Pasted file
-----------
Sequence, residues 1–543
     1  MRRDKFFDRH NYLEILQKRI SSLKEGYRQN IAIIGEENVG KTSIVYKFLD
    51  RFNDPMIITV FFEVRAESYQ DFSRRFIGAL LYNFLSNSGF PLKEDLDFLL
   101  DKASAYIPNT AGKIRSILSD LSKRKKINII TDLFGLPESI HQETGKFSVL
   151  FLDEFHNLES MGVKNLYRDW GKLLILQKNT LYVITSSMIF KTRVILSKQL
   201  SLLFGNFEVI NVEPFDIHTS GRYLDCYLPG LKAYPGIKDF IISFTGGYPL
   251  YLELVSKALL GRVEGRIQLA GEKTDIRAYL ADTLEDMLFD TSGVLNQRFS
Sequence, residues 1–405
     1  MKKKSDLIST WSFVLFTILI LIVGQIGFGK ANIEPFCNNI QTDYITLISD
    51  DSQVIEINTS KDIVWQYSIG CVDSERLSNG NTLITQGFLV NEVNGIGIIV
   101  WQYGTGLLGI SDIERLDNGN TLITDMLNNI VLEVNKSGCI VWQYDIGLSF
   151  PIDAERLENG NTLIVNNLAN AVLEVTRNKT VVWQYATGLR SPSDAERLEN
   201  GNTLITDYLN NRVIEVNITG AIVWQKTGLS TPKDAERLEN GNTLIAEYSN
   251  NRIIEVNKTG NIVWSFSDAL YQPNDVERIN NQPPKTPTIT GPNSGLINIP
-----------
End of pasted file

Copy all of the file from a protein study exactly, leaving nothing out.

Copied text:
Sequence, residues 1–543
     1  MRRDKFFDRH NYLEILQKRI SSLKEGYRQN IAIIGEENVG KTSIVYKFLD
    51  RFNDPMIITV FFEVRAESYQ DFSRRFIGAL LYNFLSNSGF PLKEDLDFLL
   101  DKASAYIPNT AGKIRSILSD LSKRKKINII TDLFGLPESI HQETGKFSVL
   151  FLDEFHNLES MGVKNLYRDW GKLLILQKNT LYVITSSMIF KTRVILSKQL
   201  SLLFGNFEVI NVEPFDIHTS GRYLDCYLPG LKAYPGIKDF IISFTGGYPL
   251  YLELVSKALL GRVEGRIQLA GEKTDIRAYL ADTLEDMLFD TSGVLNQRFS
Sequence, residues 1–405
     1  MKKKSDLIST WSFVLFTILI LIVGQIGFGK ANIEPFCNNI QTDYITLISD
    51  DSQVIEINTS KDIVWQYSIG CVDSERLSNG NTLITQGFLV NEVNGIGIIV
   101  WQYGTGLLGI SDIERLDNGN TLITDMLNNI VLEVNKSGCI VWQYDIGLSF
   151  PIDAERLENG NTLIVNNLAN AVLEVTRNKT VVWQYATGLR SPSDAERLEN
   201  GNTLITDYLN NRVIEVNITG AIVWQKTGLS TPKDAERLEN GNTLIAEYSN
   251  NRIIEVNKTG NIVWSFSDAL YQPNDVERIN NQPPKTPTIT GPNSGLINIP